A new James Bond movie tends to mean a few things: a new villain, two new Bond girls (one of whom may or may not be painted gold), and — perhaps most dependably — a new song playing behind the opening credits. Fifty years of Bond films has left much music to be analyzed, and the Oxford University Press does just that in a new book called The James Bond Songs: Pop Anthems of Late Capitalism.
Jamie Cullum, musician and BBC Radio 2 host, is constantly searching for the freshest sounds in jazz music. A frequent guest on Weekend Edition, he recently visited the program to share new music from Matthew Halsall & the Gondwana Orchestra, Daymé Arocena and Sons of Kemet. The sounds range from Coltrane-influenced spiritual jazz to acoustic club music informed by the traditional sounds of Ethiopia and West Africa.
In 1989, the New York Times wrote this about a 21-year-old up-and-comer from New Orleans: "Harry Connick, Jr. may have what it takes to inject the world of traditional jazz with a shot of Hollywood glamour."
Dateline: December 1999. The turn of a new century. On the cusp of the new millennium. While some of us were madly drowning in Y2K fears that our clocks would wind down, our computers would stop, our banking institutions would cease to function, and life on earth as we know it would come to a grinding halt, a young African-American producer from Virginia Beach and his Asian-American partner were not grinding down at all — they were just getting started.
Elvis Costello's new memoir, Unfaithful Music And Disappearing Ink, is a 650-page tome in which Costello describes everything from growing up in London and Liverpool to playing the "angry" pop star with The Attractions, to his later collaborations with the Brodsky String Quartet, Allen Toussaint, Paul McCartney and
When The Black Keys had to take time off as drummer Patrick Carney recovered from a shoulder injury, his bandmate, Dan Auerbach, wasted no time. Auerbach put together a group of musicians with whom he'd toured, recorded and produced. That's how Leon Michels, Nick Movshon, Homer Steinweiss, Richard Swift and Kenny Vaughan — along with Auerbach — became The Arcs.
The elements at the heart of "Vacuum Packed" betray the knowing schizophrenia of Kode9's current sound. A standout track on Nothing,the first album that Kode9 (born: Steve Goodman) has produced since the 2014 death of his vocalist/collaborator The Spaceape (Stephen Samuel Gordon), "Vacuum Packed" is overstuffed with ideas floating in recording space. But it's not some goulash — the elements are distinct.
Philadelphia's Kurt Vile, formerly a member of The War On Drugs, has been making solo albums since 2008. The process of recording his latest, b'lieve i'm goin down, included an extended stay in California: He went to Los Angeles to record with Warpaint drummer Stella Mozgawa, and to Joshua Tree to soak up its unique vibe.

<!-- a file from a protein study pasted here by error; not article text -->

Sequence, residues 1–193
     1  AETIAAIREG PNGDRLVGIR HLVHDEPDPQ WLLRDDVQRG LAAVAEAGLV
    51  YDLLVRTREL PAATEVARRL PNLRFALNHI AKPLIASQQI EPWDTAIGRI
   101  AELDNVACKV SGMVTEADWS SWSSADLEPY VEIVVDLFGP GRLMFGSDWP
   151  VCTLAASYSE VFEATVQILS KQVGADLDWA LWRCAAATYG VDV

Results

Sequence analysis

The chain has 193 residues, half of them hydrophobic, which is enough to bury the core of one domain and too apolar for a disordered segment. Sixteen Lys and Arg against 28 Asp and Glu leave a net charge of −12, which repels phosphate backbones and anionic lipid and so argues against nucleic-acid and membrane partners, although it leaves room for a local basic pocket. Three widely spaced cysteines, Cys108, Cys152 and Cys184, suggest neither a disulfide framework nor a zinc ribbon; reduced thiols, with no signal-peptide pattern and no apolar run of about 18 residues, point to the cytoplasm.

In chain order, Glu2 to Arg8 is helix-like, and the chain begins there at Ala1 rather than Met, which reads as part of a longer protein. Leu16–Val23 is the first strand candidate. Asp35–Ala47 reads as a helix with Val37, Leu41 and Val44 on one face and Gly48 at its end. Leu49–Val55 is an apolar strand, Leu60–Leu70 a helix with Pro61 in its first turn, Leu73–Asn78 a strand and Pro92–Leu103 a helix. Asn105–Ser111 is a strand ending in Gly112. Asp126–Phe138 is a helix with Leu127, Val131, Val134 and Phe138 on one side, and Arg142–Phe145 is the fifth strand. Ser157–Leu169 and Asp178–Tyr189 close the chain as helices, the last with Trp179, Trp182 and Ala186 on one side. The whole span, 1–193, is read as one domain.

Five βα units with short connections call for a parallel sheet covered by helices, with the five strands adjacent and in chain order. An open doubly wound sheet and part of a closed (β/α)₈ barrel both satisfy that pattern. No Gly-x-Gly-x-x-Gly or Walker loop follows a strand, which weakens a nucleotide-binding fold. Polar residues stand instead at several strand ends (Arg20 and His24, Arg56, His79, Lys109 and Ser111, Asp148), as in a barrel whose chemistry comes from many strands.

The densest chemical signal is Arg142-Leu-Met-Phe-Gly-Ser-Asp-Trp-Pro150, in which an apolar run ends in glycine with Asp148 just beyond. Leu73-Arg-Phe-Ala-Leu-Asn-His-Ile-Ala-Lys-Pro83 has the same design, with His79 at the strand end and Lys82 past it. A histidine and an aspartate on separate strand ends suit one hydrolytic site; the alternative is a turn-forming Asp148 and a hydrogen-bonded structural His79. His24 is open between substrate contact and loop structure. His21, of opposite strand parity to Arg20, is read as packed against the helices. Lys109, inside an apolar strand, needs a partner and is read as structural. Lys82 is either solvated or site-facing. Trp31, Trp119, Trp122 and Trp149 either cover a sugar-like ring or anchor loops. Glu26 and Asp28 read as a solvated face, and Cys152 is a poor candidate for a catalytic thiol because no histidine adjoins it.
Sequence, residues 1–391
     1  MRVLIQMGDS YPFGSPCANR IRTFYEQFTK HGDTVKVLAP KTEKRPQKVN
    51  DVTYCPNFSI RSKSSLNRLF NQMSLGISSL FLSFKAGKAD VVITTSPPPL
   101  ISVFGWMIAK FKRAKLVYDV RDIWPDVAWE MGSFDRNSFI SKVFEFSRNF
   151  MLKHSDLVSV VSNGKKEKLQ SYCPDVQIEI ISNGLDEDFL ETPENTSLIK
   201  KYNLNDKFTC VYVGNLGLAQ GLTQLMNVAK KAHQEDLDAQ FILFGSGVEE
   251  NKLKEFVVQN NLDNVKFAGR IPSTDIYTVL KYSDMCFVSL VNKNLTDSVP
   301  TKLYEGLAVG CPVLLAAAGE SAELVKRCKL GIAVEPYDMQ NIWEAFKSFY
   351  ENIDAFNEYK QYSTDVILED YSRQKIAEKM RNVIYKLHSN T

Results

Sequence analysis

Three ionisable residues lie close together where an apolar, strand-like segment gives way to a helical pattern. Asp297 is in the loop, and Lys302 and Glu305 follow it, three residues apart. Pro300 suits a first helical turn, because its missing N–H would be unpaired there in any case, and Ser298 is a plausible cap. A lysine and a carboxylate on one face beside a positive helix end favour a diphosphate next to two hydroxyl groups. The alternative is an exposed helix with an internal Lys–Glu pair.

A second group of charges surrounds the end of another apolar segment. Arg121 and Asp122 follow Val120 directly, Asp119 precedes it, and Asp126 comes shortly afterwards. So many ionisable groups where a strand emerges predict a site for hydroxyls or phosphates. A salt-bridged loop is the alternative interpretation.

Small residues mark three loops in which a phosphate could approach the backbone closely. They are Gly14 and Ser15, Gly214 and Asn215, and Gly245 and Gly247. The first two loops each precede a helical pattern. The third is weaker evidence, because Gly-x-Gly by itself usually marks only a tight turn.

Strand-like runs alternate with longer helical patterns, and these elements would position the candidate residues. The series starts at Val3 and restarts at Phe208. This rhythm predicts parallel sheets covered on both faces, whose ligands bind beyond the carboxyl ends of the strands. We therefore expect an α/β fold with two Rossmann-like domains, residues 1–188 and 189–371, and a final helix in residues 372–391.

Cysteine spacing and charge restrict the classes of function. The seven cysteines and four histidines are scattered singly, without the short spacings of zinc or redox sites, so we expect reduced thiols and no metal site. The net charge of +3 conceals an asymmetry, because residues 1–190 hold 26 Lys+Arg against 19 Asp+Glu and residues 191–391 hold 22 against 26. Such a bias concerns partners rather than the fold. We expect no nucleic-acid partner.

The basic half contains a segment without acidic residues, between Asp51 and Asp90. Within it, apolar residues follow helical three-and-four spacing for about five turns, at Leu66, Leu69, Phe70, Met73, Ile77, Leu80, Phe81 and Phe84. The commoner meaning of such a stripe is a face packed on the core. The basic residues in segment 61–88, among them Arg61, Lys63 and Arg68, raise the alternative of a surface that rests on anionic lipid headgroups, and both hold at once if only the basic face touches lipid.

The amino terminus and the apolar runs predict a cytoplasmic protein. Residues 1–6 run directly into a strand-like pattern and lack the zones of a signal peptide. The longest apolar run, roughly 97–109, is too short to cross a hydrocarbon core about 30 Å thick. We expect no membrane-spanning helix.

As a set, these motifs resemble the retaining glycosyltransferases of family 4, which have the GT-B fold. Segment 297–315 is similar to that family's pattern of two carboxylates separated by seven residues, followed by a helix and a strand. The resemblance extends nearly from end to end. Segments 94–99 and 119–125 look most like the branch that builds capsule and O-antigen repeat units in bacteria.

The pianist and composer Arturo O'Farrill knows better than almost anyone that more than 50 years of a trade embargo between the U.S. and Cuba hasn't fully prevented the exchange of jazz between the two countries. He's known it since he first visited Cuba in 2002.
"The first thing that I encountered was great 'goo-gobs' of young jazz musicians who worked really hard to master this craft that we thought was our own," O'Farrill says.
The Danish dream-rock band Mew takes its time making records. Bass player Johan Wohlert rejoined the group for its first new album in six years, titled + -, while singer Jonas Bjerre's falsetto vocals are as distinctive as ever. This in-studio performance of "Satellites" captures Mew's sophisticated mix at its best.
Fiona Ritchie meets Len Graham, a legendary singer and song collector from Northern Ireland, to chat about the connections between Scotland, Ireland and Appalachia, with plenty of time for songs from Graham's long career.
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It sings; it dances; it shines — all with the help of thousands of lights and some scarily infectious music. Known for their holiday light shows, the owners of a Maryland house are using lights to create animated jack-o-lanterns that sing along to Michael Jackson's "Thriller" and other hits.
Grupo Fantasma's raucous, good-time mix of funk, cumbia and soul emerged from the clubs of Austin at the start of the century, bringing with it a fresh sensibility for Tejano music. Now, the band faces a challenge: How do you make that great idea even better?